OUT OF THE MAYHEM – INTO THE BIG TIME!
THIS time next year, Gavin Massey hopes to be battling Aston Villa and West Bromwich Albion for a place in the Premier League.
“Nobody expected us to beat Man City and we did that,” says the Wigan winger, who last week capped a memorable campaign with promotion to the Championship. “So who knows? The way we’ve played this season, anything is possible.”
Yet, just 12 months ago, the 25year-old was facing trips to Barrow, Bromley and a life in Non-League football.
Relegated with Colchester in 2016, the Watford graduate had joined Leyton Orient with dreams of a swift return to League One.
Instead, he found managerial mayhem, unpaid wages and a club driven to destruction by the neglect of owner Francesco Becchetti.
By April, the O’s were doomed and, just a year after his heartbreak at Layer Road, Massey was relegated again – this time to the National League.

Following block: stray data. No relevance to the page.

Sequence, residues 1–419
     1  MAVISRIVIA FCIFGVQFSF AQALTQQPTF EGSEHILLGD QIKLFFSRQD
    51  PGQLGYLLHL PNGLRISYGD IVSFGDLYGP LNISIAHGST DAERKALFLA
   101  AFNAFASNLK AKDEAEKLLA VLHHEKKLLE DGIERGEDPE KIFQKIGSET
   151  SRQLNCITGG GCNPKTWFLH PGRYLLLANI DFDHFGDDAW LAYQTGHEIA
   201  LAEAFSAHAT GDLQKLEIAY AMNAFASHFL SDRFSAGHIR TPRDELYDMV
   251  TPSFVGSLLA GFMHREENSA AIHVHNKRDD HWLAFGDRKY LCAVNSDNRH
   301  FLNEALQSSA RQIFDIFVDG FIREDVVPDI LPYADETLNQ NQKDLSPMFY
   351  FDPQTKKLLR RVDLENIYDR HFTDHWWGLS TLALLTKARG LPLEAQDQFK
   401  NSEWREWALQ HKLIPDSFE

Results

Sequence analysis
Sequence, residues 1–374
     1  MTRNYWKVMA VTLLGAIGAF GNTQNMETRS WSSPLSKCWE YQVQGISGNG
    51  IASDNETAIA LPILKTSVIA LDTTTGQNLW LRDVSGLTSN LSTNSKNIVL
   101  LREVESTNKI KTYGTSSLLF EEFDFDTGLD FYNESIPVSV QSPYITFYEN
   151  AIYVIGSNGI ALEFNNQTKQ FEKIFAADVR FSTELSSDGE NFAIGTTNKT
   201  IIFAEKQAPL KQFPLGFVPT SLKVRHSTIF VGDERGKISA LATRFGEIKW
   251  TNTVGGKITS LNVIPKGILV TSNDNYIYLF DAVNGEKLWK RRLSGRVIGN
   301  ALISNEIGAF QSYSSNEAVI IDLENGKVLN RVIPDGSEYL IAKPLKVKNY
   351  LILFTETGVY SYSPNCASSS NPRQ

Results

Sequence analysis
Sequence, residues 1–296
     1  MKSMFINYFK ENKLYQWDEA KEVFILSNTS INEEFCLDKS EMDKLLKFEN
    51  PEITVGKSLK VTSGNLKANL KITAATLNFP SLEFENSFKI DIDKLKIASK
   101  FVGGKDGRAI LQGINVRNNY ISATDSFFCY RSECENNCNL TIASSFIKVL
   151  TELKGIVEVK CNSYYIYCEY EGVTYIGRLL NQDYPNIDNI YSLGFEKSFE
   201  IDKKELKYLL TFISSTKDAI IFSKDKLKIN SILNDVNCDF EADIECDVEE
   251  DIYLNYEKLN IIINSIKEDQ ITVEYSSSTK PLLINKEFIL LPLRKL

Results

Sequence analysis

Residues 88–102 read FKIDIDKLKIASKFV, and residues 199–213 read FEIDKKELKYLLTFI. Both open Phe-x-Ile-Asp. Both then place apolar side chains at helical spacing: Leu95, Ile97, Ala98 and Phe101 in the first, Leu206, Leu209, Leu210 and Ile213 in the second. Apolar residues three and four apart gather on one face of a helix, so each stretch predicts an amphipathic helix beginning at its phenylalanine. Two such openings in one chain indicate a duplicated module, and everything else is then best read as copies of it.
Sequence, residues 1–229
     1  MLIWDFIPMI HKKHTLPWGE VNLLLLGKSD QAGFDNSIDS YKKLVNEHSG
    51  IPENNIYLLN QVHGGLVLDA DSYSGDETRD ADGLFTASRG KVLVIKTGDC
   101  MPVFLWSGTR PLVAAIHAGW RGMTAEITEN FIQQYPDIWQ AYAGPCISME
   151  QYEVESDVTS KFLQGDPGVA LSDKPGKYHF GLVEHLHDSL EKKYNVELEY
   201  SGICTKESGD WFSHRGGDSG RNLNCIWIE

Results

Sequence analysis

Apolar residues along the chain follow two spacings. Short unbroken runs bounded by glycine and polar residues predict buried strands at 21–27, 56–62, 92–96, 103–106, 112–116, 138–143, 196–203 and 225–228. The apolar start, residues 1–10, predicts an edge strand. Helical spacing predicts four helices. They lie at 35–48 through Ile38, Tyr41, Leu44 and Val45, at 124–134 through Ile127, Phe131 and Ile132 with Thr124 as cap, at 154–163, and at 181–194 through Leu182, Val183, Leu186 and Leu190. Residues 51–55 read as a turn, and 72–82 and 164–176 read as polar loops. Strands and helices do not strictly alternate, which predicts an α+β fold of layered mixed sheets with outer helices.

“I’m a professional footballer, a privileged guy,” says Massey. “But relegation still affects you. I’d had two, back-to-back, and I was down in the dumps. Just really low.
“It does hurt your confidence and I’ve seen lots of players in that situation kind of drift away and give up on football. So, to be here, with Wigan…it’s amazing how quickly things can flip and change.
“After we beat Fleetwood to win promotion, I was sitting on the coach when our captain, Sam Morsy, stood up. He said, ‘Gav, can you possibly describe your last 12 months in football?’.
“I thought for a while and said ‘No mate, I don’t think I can’. This time last year, I was heading out of the Football League. Now, I’m standing here having beaten Manchester City, got to the FA Cup quarter-finals and won promotion into the Championship. It’s surreal, totally crazy.”
As was that chaotic 12 months at Brisbane Road, in which Orient rattled through six managers before eventually losing their century-long grip on league status. “It still saddens me,” says Massey, who finished the season as Orient’s top scorer. “Potentially, we had a great squad. I even spoke to the gaffer here when I joined Wigan (Paul Cook – pictured left) and we both agreed that team should have been pushing for promotion. “But, from the moment I signed, things started going wrong. You try to stay professional, ignore all the chaos. After a while, though, you can’t.